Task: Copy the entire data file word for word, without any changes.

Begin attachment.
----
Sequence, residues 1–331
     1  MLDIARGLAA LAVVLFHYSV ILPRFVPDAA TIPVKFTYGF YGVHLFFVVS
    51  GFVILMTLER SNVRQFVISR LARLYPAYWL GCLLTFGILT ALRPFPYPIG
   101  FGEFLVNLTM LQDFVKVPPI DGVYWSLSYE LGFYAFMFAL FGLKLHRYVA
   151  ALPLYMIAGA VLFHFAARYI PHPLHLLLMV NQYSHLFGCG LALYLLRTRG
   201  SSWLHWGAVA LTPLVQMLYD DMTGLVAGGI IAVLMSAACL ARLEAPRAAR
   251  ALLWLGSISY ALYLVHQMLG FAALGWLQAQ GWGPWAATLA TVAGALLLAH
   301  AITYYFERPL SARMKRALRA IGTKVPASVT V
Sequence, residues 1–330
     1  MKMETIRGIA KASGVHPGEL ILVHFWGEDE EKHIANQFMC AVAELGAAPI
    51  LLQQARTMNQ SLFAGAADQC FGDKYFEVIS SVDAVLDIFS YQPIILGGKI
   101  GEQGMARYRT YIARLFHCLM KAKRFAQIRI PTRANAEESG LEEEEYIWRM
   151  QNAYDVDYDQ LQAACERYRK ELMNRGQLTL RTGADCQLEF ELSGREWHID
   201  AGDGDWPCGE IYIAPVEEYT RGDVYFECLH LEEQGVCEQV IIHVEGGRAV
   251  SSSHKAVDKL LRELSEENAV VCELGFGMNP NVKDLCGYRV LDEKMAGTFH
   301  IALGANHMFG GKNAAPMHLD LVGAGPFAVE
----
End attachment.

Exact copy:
Sequence, residues 1–331
     1  MLDIARGLAA LAVVLFHYSV ILPRFVPDAA TIPVKFTYGF YGVHLFFVVS
    51  GFVILMTLER SNVRQFVISR LARLYPAYWL GCLLTFGILT ALRPFPYPIG
   101  FGEFLVNLTM LQDFVKVPPI DGVYWSLSYE LGFYAFMFAL FGLKLHRYVA
   151  ALPLYMIAGA VLFHFAARYI PHPLHLLLMV NQYSHLFGCG LALYLLRTRG
   201  SSWLHWGAVA LTPLVQMLYD DMTGLVAGGI IAVLMSAACL ARLEAPRAAR
   251  ALLWLGSISY ALYLVHQMLG FAALGWLQAQ GWGPWAATLA TVAGALLLAH
   301  AITYYFERPL SARMKRALRA IGTKVPASVT V
Sequence, residues 1–330
     1  MKMETIRGIA KASGVHPGEL ILVHFWGEDE EKHIANQFMC AVAELGAAPI
    51  LLQQARTMNQ SLFAGAADQC FGDKYFEVIS SVDAVLDIFS YQPIILGGKI
   101  GEQGMARYRT YIARLFHCLM KAKRFAQIRI PTRANAEESG LEEEEYIWRM
   151  QNAYDVDYDQ LQAACERYRK ELMNRGQLTL RTGADCQLEF ELSGREWHID
   201  AGDGDWPCGE IYIAPVEEYT RGDVYFECLH LEEQGVCEQV IIHVEGGRAV
   251  SSSHKAVDKL LRELSEENAV VCELGFGMNP NVKDLCGYRV LDEKMAGTFH
   301  IALGANHMFG GKNAAPMHLD LVGAGPFAVE